3 Results and discussion

3.1 Determination of antioxidant activity

Table 1 shows the antioxidant capacity of the fruit peel of M. cauliflora using different analytical methods. The DPPH antioxidant capacity of the fruit peel (EC50 = 3.18 g dried sample/g DPPH, which corresponds to 0.0775 mg dried sample/mL DPPH), was significantly higher than the corresponding value for the fruit extracts (pulp and peel, without seeds), EC50 = 138.0 g dried sample/g DPPH (RUFINO et al., 2010), considering that lower EC50 values correspond to higher antioxidant activities (YEH et al., 2011). Moreover, the antioxidant capacity of the fruit peel of M. cauliflora as measured by the DPPH radical capture method was significantly higher than that of other plant species, such as the peels of Citrus paradise, C. sinensis, C. limon and C. aurantiifolia (EC50 = 5.15, 4.99, 3.77 and 1.72 mg dried sample/mL DPPH, respectively) (GUIMARÃES et al., 2010) and the fruit extracts of Ficus glomerata (9.04 g of crude extract/g DPPH) (VERMA et al., 2010).

 

 

A similar mechanism used to analyze the antioxidant capacity is based on the capture of the ABTS•+ radical, and higher values of mol Trolox/g also correspond to higher antioxidant capacities. Table 1 shows the antioxidant capacity of the fruit peel extract as measured using the ABTS method. The test gave a value of 1017.80 µmol Trolox/g for the fruit peel of the plant, a result significantly higher than the value found for the fruit extract (317.0 µmol Trolox/g) (RUFINO et al., 2010). The antioxidant activity of the fruit peel of M. cauliflora as evaluated by the ABTS method was more expressive in relation to the fruits of other plant species with recognized antioxidant activity, such as Malpighia emarginata (953 μmol/g), Euterpe edulis (606.0 μmol/g), Byrsonima dealbata (412 μmol/g), Mouriri pusa (346 μmol/g), Eugenia pyriformis (182.0 μmol/g), Blepharocalyx salicifolius (166.0 μmol/g), Mouriri elliptica (161.0 μmol/g), Mouriri guianensis (136.0 μmol/g), Syzygium cumini (125.0 μmol/g), Anacardium occidentale (79.4 μmol/g), Spondias tuberosa (77.0 μmol/g), Hancornia speciosa (65.6 μmol/g), Euterpe oleracea (64.5 μmol/g), Spondias mombin (40.7 μmol/g), Platonia insignis (18.1 μmol/g) and Copernicia prunifera (16.4 μmol/g). However, this antioxidant capacity was lower than the value found for Myrciaria dubia (1237 μmol/g) (RUFINO et al., 2010). The DPPH and ABTS tests indicated that the fruit peel of M. cauliflora acts as a free radical scavenger, preventing the propagation of its chain reactions.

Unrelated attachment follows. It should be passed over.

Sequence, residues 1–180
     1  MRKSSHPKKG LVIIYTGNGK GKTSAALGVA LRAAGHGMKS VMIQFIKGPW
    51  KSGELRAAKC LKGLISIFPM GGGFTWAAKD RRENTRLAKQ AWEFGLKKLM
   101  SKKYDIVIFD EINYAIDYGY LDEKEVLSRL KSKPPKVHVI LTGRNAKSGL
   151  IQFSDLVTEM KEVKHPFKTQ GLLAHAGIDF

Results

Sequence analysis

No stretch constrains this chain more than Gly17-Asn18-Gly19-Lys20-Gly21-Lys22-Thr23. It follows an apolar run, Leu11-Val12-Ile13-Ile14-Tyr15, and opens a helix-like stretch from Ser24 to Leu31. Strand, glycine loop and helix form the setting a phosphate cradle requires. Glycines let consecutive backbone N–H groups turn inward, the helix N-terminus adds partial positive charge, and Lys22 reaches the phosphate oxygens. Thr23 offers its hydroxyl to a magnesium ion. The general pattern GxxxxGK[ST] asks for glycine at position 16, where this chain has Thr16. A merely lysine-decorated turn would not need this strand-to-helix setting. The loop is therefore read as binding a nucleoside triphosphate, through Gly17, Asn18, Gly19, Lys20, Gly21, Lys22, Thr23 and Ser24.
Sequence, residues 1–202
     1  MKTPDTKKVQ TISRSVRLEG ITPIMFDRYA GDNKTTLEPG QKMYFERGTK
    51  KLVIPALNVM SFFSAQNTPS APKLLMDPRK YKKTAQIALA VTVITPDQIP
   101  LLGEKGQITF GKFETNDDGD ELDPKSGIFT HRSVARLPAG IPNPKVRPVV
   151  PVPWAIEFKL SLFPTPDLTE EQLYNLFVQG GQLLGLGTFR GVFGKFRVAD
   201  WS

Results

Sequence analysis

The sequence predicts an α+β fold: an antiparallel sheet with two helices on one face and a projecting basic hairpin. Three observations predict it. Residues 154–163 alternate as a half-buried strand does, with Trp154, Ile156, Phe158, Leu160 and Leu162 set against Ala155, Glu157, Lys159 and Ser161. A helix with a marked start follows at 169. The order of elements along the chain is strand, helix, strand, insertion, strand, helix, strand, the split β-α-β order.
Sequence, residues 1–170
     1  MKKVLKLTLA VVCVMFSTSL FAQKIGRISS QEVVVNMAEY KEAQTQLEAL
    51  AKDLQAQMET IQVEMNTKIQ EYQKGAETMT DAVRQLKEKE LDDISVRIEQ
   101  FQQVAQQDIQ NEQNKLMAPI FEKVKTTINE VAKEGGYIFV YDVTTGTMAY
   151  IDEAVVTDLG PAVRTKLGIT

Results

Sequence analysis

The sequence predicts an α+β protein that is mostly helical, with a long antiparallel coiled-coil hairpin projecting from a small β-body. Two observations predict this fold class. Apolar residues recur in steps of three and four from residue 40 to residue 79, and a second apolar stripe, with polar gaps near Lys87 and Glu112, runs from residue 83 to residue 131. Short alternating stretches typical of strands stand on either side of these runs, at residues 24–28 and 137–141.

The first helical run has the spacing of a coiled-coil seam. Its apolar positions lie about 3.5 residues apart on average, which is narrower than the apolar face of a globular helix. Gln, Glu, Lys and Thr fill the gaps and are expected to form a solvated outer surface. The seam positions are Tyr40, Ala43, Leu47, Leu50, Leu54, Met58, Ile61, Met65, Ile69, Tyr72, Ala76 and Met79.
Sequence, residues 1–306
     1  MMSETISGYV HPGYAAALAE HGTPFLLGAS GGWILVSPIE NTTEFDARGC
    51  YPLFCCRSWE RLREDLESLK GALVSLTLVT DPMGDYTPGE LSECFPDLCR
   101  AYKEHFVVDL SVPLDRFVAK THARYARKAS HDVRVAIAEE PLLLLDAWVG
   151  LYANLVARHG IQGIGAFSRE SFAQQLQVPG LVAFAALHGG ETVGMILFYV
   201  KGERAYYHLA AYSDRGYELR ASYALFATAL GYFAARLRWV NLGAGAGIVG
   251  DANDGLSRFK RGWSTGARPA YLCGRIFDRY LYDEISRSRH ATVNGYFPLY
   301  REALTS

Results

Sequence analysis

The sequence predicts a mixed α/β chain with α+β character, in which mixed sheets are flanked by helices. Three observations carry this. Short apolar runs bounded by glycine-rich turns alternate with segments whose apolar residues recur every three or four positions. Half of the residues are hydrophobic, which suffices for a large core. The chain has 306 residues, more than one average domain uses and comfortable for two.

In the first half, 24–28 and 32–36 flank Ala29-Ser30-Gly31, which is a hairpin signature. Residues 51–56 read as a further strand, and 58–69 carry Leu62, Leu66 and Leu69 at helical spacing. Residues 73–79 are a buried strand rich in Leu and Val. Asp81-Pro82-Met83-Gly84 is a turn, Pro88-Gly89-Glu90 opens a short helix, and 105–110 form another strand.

The antioxidant activity of the fruit peel of M. cauliflora as measured by the FRAP method (1676.80 µmol Fe2SO4/g), see Table 1, was higher than the corresponding activity observed for the fruit (pulp and peel) extract of the plant (635 μmol Fe2SO4/g) (RUFINO et al., 2010). Moreover, its antioxidant capacity was higher than the values obtained for other fruits with recognized antioxidant ability (Pérez-Jimenes et al., 2008), such as Blepharocalyx salicifolius, Mouriri guianensis, Syzygium cumini, Hancornia speciosa, Spondias mombin, and Copernicia prunifera (299, 274, 173, 163 and 18.8 μmol Fe2SO4.g–1, respectively) (RUFINO et al., 2010). The FRAP antioxidant test indicates that the fruit peel of M. cauliflora acts as a reducing agent by donating a hydrogen atom to the ferric complex, inhibiting the radical chain reactions.

Table 2 shows the antioxidant capacity of the fruit peel of M. cauliflora based on the oxidation inhibition percentage with different β-carotene concentrations. The increase in the β-carotene concentration (to 0.5, 1.0, 1.5 and 2.0 mg.mL–1) was related to the oxidation inhibition percentage (OI%) of the samples (OI% = 72.1, 75.9, 82.5 and 87.5, respectively). The antioxidant activity of the fruit peel extract at 2.0 mg.mL–1 (OI% = 87.5%) was similar to value obtained with Trolox at the same concentration (OI% = 89.5%), confirming the powerful antioxidant capacity of this plant material. In fact, the antioxidant capacity of the fruit peel of M. cauliflora was higher than the corresponding capacity of fruits of Punica granatum at 0.2 mg/mL (OI% = 76.6) (ÇAM and HISIL, 2010) and the fruit extract of Ficus glomerata (OI% = 49.75) (VERMA et al., 2010).

 

 

The mechanism of bleaching β-carotene is mediated by hydroperoxide free radicals, which are formed from the abstraction of hydrogen atoms from the diallylic methylene groups of linoleic acid. The linoleic acid free radicals attack the highly unsaturated system of the β-carotene. As a result, the β-carotene molecules undergo rapid discoloration in the absence of an antioxidant (JAYAPRAKASHA et al., 2007). In the present study, the fruit peel extracts of M. cauliflora prevented the β-carotene bleaching by neutralizing the linoleate-free radical and other free radicals formed in the test mixture.

3.2 Determination of the total phenolic content

Table 3 shows the total phenolic content found in the extracts of the fruit peel of M. cauliflora using the Folin-Denis and Folin-Ciocalteau methods with different solvent mixtures. The extraction of the phenolic compounds was more efficient using the Folin-Denis method than using the Folin-Ciocalteau one. In fact, the total phenolic content as measured by the Folin-Ciocalteau method gave low values (1.35 mg GAE/g for acetone and 4.43 mg GAE/g for 4:1 ethanol-water solution), and the use of different solvent mixtures did not promote significant statistical variations in the total phenolic contents of the fruit peel extracts of M. cauliflora.

 

 

On the other hand, the total phenolic content as measured by the Folin-Denis method promoted significant statistical variations when different solvent mixtures were employed. The most efficient solvent mixtures were the 4:1 methanol-water, 4:1 ethanol-water, 3:2 ethanol-water and 3:2 acetone-water solutions, exhibiting the highest TPC values (18.95, 14.06, 12.93 and 11.99 mg GAE/g, respectively). However, pure acetone and methanol were the least efficient solvents for the extraction of phenolic compounds by the Folin-Denis method (1.56 and 4.02 mg GAE/g, respectively).